Lego is no longer just for children; in fact, they have many Lego sets dedicated to adults. There is some fascinating research connected to mindfulness about how doing Lego can help our mental health. We actually keep a Lego set behind each Library Help Desk you can borrow for free. Why not check one out next time you visit…if the library staff aren’t already playing with them that is!

Learn More

We have a fascinating and diverse range of materials for you to read on Lego, from issues with Dentistry (teeth and Lego are a bad mix it seems!) to build your own Lego Robots. Check out Librarysearch.napier.ac.uk.. Just type in the word “Lego” and start reading!

By Juliet Kinsey

Sources: Wikipedia

The Ethiopia Timkat Festival

The Timkat Festival

Christmas is a distant memory for most of us, but for Ethiopians, Christmas is a whole season that’s just coming to an end now. Ethiopia was one of the first countries in the world to adopt Christianity, and as such it adheres to the ancient traditions that sit at the heart of its Orthodox Tewahedo Church. Timkat, celebrated every year on the 19th of January, is one of those traditions, possibly the most important in the Church’s calendar.

The Amharic word timkat means “baptism”, and the festival marks the baptism of Christ in the River Jordan.

Preparations

Timkat is a huge deal and a seriously religious festival. Preparations for this spectacular event, possibly one of the biggest and most colourful on the African continent, begin on the 18th, when “tabots” – models of the  Ark of the Covenant – are wrapped in fine cloths and carried on the heads of priests down to the river or other place of worship. Local people don white shawls – Ethiopians wear white when they go to church – and follow the procession.

The Festival

Mass starts in the early hours of the 19th and continues for hours. When Mass is over, the water is blessed and the congregants take to the rivers, submerging themselves in a re-enactment of Christ’s baptism. Of course, it’s a happy occasion and that means the celebrations go on all day and are accompanied by feasting and music.  As well as eating their favourite Timkat food, Ethiopians celebrate important occasions with elaborate coffee ceremonies.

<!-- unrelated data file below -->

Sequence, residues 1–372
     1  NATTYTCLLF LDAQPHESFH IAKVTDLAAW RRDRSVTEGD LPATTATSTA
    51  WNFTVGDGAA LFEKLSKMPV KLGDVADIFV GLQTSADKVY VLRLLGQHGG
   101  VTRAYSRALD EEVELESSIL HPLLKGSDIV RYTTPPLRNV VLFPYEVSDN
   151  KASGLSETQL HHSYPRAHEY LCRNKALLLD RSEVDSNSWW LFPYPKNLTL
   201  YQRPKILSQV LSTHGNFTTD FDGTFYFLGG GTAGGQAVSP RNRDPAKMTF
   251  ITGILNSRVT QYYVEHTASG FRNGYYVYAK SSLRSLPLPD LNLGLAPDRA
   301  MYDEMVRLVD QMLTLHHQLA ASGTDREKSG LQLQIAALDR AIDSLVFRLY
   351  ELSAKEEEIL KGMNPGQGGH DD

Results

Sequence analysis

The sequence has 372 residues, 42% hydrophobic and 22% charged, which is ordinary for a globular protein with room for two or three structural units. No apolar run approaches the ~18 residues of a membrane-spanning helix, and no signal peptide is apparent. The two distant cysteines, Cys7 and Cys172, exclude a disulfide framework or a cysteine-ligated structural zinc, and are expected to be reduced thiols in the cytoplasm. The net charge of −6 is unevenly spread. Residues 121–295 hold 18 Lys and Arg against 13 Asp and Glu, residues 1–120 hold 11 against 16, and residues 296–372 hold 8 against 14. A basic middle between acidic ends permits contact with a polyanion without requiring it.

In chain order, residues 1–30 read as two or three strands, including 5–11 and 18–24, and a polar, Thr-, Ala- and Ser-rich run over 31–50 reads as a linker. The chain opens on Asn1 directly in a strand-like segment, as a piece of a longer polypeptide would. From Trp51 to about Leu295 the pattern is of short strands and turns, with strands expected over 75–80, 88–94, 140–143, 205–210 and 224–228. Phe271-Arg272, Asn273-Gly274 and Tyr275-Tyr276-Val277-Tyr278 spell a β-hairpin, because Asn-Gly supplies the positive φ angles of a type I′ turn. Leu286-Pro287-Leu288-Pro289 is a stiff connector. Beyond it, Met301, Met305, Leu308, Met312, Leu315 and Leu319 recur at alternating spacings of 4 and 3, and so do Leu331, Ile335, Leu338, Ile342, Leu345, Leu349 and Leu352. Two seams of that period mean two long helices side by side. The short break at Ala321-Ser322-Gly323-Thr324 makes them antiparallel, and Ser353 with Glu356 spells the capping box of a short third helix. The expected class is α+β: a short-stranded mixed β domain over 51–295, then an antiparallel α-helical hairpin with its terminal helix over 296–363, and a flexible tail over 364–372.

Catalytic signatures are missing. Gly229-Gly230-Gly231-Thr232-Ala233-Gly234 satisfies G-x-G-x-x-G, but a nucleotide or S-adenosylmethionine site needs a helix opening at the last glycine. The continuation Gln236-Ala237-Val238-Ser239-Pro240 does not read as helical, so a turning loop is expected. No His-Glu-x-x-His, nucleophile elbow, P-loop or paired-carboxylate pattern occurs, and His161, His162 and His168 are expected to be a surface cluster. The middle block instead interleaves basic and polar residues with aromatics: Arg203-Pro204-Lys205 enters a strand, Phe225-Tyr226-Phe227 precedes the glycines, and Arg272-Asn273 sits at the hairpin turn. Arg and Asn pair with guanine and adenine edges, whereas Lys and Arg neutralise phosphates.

On the 20th, the tabots are carried back to the churches in another procession that marks the end of the festival.

One of the best places to observe Timkat is the town of Gondar, home to the 17th century castle built by King Fasilides. In the grounds of the castle is a huge open-air bath. The bath is usually empty, but during Timkat it’s filled with water and the locals dive in. A few years ago I was fortunate enough to visit Ethiopia over the festive season. I missed Timkat by a couple of weeks. When I visited King Fasilides castle it was empty. Next time I go, I’m definitely going for Timkat, and I’m taking my swimming costume.

Want to learn more about other traditions from around the world? Read our article here.

By Lesley McRobb

New Year Resolutions: study and social

We hope all our Edinburgh Napier University students and staff had a wonderful Christmas and New Year’s with some time to relax and catch up with friends and family.

With the festivities now over, you might be thinking that it’s time to make some resolutions and get back into that ‘serious study mode’.

It’s also a time to reflect on past events and your studies to see what you might want to freshen up and change for the new year. Just keep in mind that progress is always ongoing, and you should focus on one step at a time!

 

 

New Year Resolutions

New Year Resolutions

 

 

Here are some suggestions that you might want to consider below:

 

  1. Change your learning style or study skills

If you want to change your study habits or try a new way of learning, Box of Broadcasts (BOB) and listening to Podcasts are productive ways of gathering information and evidence for your assignments. You can find more information about it on our Libguides.